North Korea is one of the most repressive authoritarian states in the world. In his sixth year in power, Kim Jong-un—the third leader of the dynastic Kim family and head of the ruling Workers’ Party of Korea (WPK) who exercises almost total political control—intensified repressive measures; tightened domestic restrictions on travel and unauthorized cross-border travel with China; and punished North Koreans for contacting the outside world. The government continued to generate fearful obedience from citizens by means of threatened and actual execution, detention, and forced labor under harsh, sometimes fatal, conditions.
During 2017, North Korea fired 23 missiles during 16 tests and conducted its sixth nuclear test, sending tensions between the US and its allies and North Korea to their highest level in decades. Personal insults and threats traded between US President Donald Trump and Kim Jong-un in September and October further worsened the situation.
On human rights, the international community continued to press for action on the findings of the United Nations Commission of Inquiry (COI) report on human rights in the Democratic People’s Republic of Korea (DPRK or North Korea) that found the government committed crimes against humanity, including extermination, murder, enslavement, torture, imprisonment, rape and other forms of sexual violence, and forced abortion.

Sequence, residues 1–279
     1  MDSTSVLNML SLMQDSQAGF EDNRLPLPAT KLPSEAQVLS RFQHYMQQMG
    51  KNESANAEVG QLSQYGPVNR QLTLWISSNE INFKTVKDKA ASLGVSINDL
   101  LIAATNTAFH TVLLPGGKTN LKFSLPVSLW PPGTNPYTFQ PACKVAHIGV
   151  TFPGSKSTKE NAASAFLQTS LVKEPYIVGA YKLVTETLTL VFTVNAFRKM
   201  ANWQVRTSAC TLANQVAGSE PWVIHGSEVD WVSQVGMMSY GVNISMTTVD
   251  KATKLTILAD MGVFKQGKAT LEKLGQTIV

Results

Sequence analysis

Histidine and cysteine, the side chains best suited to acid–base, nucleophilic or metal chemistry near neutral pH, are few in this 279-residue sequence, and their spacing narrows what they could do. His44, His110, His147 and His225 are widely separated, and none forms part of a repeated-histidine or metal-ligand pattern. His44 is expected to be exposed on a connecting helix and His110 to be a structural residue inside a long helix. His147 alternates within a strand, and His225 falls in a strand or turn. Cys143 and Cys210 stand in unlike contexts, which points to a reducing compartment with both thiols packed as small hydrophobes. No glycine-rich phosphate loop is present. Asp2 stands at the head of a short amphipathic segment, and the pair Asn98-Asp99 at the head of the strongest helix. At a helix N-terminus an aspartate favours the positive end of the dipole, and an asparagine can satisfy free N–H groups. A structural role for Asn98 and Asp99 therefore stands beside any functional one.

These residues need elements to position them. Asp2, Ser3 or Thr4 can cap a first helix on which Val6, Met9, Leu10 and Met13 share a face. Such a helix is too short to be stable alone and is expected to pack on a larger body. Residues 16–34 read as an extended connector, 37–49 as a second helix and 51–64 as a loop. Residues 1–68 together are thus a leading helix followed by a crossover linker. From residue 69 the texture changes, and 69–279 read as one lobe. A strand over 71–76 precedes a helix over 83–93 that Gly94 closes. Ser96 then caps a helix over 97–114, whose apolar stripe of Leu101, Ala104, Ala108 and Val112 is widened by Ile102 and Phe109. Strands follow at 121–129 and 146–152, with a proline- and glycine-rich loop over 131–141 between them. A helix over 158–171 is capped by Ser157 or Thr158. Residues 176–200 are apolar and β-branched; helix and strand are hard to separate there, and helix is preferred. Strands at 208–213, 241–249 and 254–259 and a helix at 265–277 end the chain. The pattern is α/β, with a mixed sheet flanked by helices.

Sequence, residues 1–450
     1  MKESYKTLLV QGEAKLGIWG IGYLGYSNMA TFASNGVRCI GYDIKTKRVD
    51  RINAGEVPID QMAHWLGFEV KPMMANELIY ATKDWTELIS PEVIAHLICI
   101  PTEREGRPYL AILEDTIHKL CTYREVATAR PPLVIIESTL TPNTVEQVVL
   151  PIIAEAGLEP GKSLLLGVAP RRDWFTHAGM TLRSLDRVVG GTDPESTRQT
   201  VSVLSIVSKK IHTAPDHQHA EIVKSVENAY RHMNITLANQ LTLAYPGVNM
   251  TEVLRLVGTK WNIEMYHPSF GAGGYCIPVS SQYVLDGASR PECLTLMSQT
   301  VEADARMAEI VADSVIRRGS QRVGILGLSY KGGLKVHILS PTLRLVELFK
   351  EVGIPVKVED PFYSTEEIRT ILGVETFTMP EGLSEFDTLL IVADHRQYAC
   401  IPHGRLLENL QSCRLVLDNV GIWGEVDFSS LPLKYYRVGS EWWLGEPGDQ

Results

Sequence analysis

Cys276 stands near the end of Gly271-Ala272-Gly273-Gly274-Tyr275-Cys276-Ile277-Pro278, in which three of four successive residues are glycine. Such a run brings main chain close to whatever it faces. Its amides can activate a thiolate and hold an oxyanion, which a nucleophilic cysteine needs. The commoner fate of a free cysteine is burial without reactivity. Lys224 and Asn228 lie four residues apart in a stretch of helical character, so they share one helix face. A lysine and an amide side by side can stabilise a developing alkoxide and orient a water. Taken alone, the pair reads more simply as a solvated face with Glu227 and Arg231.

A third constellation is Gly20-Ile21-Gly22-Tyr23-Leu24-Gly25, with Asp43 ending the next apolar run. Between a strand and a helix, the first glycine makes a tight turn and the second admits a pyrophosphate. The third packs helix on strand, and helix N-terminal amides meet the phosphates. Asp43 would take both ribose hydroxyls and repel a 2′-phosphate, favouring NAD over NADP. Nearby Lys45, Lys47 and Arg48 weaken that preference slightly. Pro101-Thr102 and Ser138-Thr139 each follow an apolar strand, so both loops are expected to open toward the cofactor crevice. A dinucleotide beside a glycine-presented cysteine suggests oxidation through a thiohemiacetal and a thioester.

On December 9, 2016, for the third consecutive year, the UN Security Council put North Korea’s egregious human rights violations record on its formal agenda as a threat to international peace and security. On March 24, the Human Rights Council adopted without a vote a resolution that authorizes the hiring of “experts in legal accountability” to assess cases and develop plans for the eventual prosecution of North Korean leaders and officials responsible for crimes against humanity.
The North Korean government restricts all basic civil and political liberties for its citizens, including freedom of __EXPRESSION__, religion and conscience, assembly and association. It prohibits any organized political opposition, independent media and civil society, and free trade unions. Lack of an independent judiciary, arbitrary arrest and punishment of crimes, torture in custody, forced labor, and executions maintain fear and control.
North Korea discriminates against individuals and their families on political grounds in key areas such as employment, residence, and schooling by applying songbun, a socio-political classification system grouping people into “loyal,” “wavering,” or “hostile” classes. Pervasive corruption enables some room to maneuver around the strictures of the songbun system, and some people who bribe government officials can receive permission, pursue market activities, or travel domestically or abroad.